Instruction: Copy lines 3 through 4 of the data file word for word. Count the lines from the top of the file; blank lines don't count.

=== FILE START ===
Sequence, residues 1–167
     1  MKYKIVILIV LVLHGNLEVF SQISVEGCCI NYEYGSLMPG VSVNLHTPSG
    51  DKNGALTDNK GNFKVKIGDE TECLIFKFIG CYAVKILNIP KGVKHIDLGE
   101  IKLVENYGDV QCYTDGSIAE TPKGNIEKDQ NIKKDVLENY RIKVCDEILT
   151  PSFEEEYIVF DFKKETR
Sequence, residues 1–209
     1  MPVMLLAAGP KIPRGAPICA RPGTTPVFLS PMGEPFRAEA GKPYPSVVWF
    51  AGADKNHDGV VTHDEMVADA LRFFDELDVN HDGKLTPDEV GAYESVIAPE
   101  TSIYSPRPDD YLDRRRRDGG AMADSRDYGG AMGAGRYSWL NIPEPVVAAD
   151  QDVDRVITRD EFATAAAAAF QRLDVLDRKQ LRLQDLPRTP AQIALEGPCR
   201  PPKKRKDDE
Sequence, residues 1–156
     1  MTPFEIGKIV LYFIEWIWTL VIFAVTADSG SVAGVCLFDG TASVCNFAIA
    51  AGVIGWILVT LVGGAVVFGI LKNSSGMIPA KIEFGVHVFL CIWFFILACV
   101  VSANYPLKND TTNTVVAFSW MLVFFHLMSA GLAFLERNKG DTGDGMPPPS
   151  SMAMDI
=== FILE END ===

    51  DKNGALTDNK GNFKVKIGDE TECLIFKFIG CYAVKILNIP KGVKHIDLGE
   101  IKLVENYGDV QCYTDGSIAE TPKGNIEKDQ NIKKDVLENY RIKVCDEILT